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Train Fever uses a static path-finding algorithm (whereas OpenTTD uses a dynamic pathfinder). This means that once a route is decided on, the pathfinder finds a path and only changes it if the track-layout changes. Introducing a dynamic pathfinder to TF would be quite a big task – especially considering TF has got path-based signalling as well (even OpenTTD did not have path-based signalling for several years – this meant that only one train could be in a signal block at any one time until PBS was introduced, whereas both TF and OpenTTD-post-PBS allow multiple trains in a signal-block as long as the paths do not cross).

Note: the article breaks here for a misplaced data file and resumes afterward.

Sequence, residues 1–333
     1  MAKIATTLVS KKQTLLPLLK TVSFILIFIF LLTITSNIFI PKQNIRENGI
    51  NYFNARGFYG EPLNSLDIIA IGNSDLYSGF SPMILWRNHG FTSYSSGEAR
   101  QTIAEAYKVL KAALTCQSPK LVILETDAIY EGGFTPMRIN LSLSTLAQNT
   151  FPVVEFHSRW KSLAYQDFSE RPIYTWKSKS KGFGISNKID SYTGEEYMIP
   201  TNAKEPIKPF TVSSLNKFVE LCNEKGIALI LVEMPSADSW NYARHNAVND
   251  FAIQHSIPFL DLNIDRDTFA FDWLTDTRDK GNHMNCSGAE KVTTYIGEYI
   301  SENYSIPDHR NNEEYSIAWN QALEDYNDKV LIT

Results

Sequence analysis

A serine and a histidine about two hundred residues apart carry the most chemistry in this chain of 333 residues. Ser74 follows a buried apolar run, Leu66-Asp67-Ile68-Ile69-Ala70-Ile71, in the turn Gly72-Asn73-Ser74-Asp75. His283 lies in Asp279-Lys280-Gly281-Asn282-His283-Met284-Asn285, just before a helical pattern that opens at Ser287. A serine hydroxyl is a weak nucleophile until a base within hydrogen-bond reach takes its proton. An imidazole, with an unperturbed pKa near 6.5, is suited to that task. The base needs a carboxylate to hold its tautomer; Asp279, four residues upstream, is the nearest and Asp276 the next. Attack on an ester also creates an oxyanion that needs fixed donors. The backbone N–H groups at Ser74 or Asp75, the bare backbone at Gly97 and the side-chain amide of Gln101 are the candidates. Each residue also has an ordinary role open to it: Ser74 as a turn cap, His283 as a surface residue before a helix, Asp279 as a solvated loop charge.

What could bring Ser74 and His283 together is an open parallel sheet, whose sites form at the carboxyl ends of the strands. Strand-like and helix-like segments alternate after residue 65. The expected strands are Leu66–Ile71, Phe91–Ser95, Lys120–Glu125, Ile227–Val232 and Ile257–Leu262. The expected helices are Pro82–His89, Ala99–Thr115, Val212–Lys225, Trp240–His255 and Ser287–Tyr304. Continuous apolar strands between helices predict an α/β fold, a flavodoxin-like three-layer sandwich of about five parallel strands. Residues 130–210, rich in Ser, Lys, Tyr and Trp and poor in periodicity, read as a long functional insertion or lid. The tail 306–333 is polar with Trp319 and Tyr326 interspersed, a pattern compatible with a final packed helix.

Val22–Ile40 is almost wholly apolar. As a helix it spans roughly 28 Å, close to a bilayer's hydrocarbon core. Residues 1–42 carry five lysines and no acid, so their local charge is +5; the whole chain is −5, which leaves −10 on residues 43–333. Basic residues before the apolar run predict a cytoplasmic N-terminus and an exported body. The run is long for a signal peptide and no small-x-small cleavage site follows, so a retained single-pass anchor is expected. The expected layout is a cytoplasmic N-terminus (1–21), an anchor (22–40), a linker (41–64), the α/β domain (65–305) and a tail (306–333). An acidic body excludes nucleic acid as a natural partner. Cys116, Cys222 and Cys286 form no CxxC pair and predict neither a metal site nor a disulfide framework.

However, I’ve had an idea for a compromise – a mostly static-pathfinder with only a bit of dynamicness. Imagine a station with two tracks and an island-platform with one of the tracks on the left side and one of the tracks on the right side. If the first switch for both tracks on either end of the platform was the switch joining the two tracks, then what could happen is that the trains could then choose only at the last minute which platform to go to, so they would always pick a free platform instead of an occupied platform (unless both were occupied). In this case, the pathfinder only needs to make a decision at the switch just before the platform, while keeping the rest of the path static (other stations with a similar layout would also be dynamic). I’m not sure how much more complicated the algorithm would be if other switches occur between the switch joining the two tracks and the platforms, but I do know that if both tracks were one-way (heading the same way), it would make the platform and two tracks more efficient. Also, making sure that all routes that use either of the two tracks have the option of taking both tracks (this will always be the case if the last switch before the platform and the first switch after the platform are the switches joining the two tracks). When this is implemented, the route-colour overlay would show the route splitting at the pre-platform switch and merging again at the post-platform switch. This also has the advantage that this sort of thing is done in the real-world too, and the passengers don’t have to walk to a different platform – they just change the side of the same platform they are already on.